When thinking about video games, scholarship and academia do not normally come to mind.
But SUNY Oneonta Assistant Professor of Media Studies Karen Stewart has flipped that script by turning the creation of a video game into an immersive applied learning project involving more than 20 students over the course of five years.
Thanks to the students’ hard work, insight, enthusiasm and dedication, the video game, called “Leap of Faith,” is now available to play, as part of a month-long installation on the first floor of Milne Library. The game tells the story of a college student who magically travels back in time to the Revolutionary War.
Students involved in the “SUNY Oneonta Gamer Lab” project – all with different academic majors – contributed more than 600 development hours to the initiative and were involved in every aspect of game development, from conducting extensive historical research to outlining and writing game narratives to composing the game’s theme music.
The project began five years ago when Stewart, whose research examines the narrative, aesthetic and game play of Otome visual novel video games, decided she wanted to build one of her own in an effort to better understand them.
“It became apparent really quickly that this could be an awesome applied learning project as well,” Stewart said. “From the instant we started, students showed up because they love video games and wanted to be involved. Everything you see in the game has been student-driven. … This has hands down been the most amazing, rewarding scholarly and experiential learning project I have ever led.”
During weekly production meetings, the students explored critical and ethical game design practice and learned first-hand how to build video games. They conducted visual, historical, archival and industry-related research and developed the game concept, researching character designs and background/settings and hiring freelance artists to draw them and create their vision.
The first student involved in the project was Sam Kaufer, who graduated in 2018 with a degree in Mass Communications and now lives in Manhattan and works in the digital media industry as a media coordinator. Kaufer said the project was “absolutely one of my Oneonta highlights.”
“In both an academic and creative sense, it was like nothing I'd ever done before; from the research phase and playing hundreds of indie games and visual novels, to the historical research and tracking down primary source documents from the time of the Revolution, every part of the process was new and exciting! As a history minor, it was a blast getting to learn so much about the local history of the small towns of upstate New York, which often go overlooked but have a storied past. As an avid video game player, visual novels were outside my realm of interest but I now have an appreciation for them and the stories they tell.”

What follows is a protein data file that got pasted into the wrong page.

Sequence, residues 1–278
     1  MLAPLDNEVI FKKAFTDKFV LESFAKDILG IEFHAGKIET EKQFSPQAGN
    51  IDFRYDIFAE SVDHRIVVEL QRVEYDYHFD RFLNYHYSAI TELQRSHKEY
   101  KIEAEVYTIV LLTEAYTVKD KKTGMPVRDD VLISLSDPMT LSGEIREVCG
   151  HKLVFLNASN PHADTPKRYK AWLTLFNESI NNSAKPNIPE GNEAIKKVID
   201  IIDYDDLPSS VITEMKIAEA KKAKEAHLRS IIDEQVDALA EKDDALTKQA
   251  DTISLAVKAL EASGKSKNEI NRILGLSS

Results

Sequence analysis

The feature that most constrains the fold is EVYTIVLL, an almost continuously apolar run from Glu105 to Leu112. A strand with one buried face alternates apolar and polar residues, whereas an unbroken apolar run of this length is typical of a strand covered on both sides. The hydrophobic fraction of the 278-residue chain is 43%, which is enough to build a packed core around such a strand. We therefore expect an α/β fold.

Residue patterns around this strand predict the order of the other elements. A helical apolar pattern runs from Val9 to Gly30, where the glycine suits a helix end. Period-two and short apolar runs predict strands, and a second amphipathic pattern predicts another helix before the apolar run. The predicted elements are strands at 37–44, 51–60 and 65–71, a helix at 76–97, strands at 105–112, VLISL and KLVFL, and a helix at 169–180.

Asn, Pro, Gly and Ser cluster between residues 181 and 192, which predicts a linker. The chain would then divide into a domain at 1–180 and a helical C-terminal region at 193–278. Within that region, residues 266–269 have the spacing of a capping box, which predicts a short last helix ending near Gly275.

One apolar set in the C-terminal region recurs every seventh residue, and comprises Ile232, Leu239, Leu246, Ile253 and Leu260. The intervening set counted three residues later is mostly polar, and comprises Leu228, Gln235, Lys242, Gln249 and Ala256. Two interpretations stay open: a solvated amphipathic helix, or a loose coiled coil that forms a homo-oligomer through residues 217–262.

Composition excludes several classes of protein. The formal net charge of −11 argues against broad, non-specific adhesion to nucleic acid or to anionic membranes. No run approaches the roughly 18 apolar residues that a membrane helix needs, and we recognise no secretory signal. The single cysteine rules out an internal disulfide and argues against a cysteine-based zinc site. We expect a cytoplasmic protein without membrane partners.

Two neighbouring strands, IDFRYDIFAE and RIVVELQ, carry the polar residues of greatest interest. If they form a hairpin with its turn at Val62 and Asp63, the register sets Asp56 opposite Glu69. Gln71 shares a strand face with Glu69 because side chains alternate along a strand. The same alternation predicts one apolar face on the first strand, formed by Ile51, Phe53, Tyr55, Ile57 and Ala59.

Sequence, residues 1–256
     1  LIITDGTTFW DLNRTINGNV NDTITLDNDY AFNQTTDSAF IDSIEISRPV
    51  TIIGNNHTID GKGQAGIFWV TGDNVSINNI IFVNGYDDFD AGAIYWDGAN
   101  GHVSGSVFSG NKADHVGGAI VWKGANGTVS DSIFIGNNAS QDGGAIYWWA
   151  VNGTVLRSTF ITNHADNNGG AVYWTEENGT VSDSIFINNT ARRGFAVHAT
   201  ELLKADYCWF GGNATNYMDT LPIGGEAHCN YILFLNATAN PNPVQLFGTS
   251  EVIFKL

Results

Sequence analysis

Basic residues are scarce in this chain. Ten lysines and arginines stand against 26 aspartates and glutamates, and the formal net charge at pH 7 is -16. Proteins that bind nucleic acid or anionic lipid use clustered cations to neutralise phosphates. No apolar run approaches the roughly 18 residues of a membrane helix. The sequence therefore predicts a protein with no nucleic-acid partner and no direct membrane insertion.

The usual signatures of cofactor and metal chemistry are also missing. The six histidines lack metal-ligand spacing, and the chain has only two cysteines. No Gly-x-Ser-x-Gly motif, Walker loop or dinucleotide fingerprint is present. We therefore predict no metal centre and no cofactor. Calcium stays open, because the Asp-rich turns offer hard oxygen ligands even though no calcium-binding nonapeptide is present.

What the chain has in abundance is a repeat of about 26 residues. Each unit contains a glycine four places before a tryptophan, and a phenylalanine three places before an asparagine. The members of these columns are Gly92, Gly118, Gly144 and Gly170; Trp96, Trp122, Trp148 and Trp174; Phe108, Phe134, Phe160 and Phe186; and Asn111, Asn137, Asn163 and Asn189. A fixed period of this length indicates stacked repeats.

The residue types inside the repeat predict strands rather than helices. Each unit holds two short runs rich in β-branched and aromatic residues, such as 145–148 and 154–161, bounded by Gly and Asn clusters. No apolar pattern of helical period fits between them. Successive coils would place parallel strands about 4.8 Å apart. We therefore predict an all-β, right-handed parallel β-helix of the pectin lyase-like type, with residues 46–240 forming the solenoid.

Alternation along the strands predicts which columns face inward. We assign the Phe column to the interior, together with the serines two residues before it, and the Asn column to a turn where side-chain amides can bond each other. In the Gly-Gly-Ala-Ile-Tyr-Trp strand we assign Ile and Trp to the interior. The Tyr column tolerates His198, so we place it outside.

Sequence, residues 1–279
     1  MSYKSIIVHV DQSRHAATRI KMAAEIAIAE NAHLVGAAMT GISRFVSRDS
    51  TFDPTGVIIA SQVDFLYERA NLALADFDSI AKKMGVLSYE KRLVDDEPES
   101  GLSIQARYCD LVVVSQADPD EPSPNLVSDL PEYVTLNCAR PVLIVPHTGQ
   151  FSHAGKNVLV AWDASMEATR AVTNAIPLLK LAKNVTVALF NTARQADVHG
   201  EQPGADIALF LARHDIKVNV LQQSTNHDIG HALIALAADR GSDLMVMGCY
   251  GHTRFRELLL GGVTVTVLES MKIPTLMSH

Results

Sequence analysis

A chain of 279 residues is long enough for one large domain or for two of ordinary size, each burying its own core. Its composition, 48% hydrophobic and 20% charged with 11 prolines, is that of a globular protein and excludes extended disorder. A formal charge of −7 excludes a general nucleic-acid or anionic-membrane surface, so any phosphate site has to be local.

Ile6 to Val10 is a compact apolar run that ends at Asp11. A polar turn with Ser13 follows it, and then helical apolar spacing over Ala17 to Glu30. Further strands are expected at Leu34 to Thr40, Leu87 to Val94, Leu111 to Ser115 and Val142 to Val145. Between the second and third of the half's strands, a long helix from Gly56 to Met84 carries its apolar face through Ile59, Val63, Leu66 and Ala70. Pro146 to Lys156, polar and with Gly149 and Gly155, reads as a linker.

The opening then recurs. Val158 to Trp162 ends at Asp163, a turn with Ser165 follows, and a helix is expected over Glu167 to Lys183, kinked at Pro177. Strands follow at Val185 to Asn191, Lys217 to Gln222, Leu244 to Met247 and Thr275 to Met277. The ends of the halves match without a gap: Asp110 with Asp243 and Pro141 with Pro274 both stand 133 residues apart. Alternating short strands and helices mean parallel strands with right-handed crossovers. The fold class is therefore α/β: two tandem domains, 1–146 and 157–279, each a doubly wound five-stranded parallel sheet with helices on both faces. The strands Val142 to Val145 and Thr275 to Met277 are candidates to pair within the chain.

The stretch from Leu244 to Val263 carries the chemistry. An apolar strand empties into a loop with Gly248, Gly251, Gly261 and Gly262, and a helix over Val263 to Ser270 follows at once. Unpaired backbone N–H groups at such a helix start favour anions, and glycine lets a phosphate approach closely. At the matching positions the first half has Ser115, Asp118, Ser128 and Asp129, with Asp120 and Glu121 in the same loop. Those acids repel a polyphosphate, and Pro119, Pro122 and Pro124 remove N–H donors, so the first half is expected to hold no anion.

A Team Effort
Sam VanDemark, Class of 2017, was the audio engineer/composer selected to write an intro and outro musical piece for the video game. Working with Stewart and the students to brainstorm instruments, song energy and structure was “ a pleasure,” said VanDemark, who now owns a home studio and works with local bands and artists in Saratoga Springs, NY.
“The takeaway from this project is simple,” VanDemark said. “Find something people are passionate about, keep an open mind, combine interests and ideas, then create. Most importantly, don’t stop until you’re all satisfied and pushing each other to the fullest potential.”
Head of Access Services and Library Technology Brendan Aucoin said he was excited when Stewart approached him to help with the research side of the project. Aucoin also developed a library guide curating learning materials and aspects of game studies at Oneonta.
“This struck me as a place where Milne Library could really be an equal partner in scholarship,” he said. “So often, we look at the library as just a collection of books or a place to study, but it’s a lot more than that. We librarians are faculty, we are researchers and we are engaged in scholarship along with the teaching faculty at the college. Being involved in such an amazing project like this is truly a unique experience.”
Moving forward, Stewart plans to apply the knowledge gained from this project “to conduct more nuanced textual analyses of Otome games,” continue finetuning the game, and get new students involved, since many of the original ones have graduated. She said she’s also looking forward to using the results of the applied learning portion to “discover even more fun, exciting, industry-relevant and socially meaningful ways to teach video game design to students.”
“What we ended up with is more beautiful than I what could have ever made on my own,” Stewart said, “and it’s a good reminder of why I’m invested in experiential learning and arts-based learning.”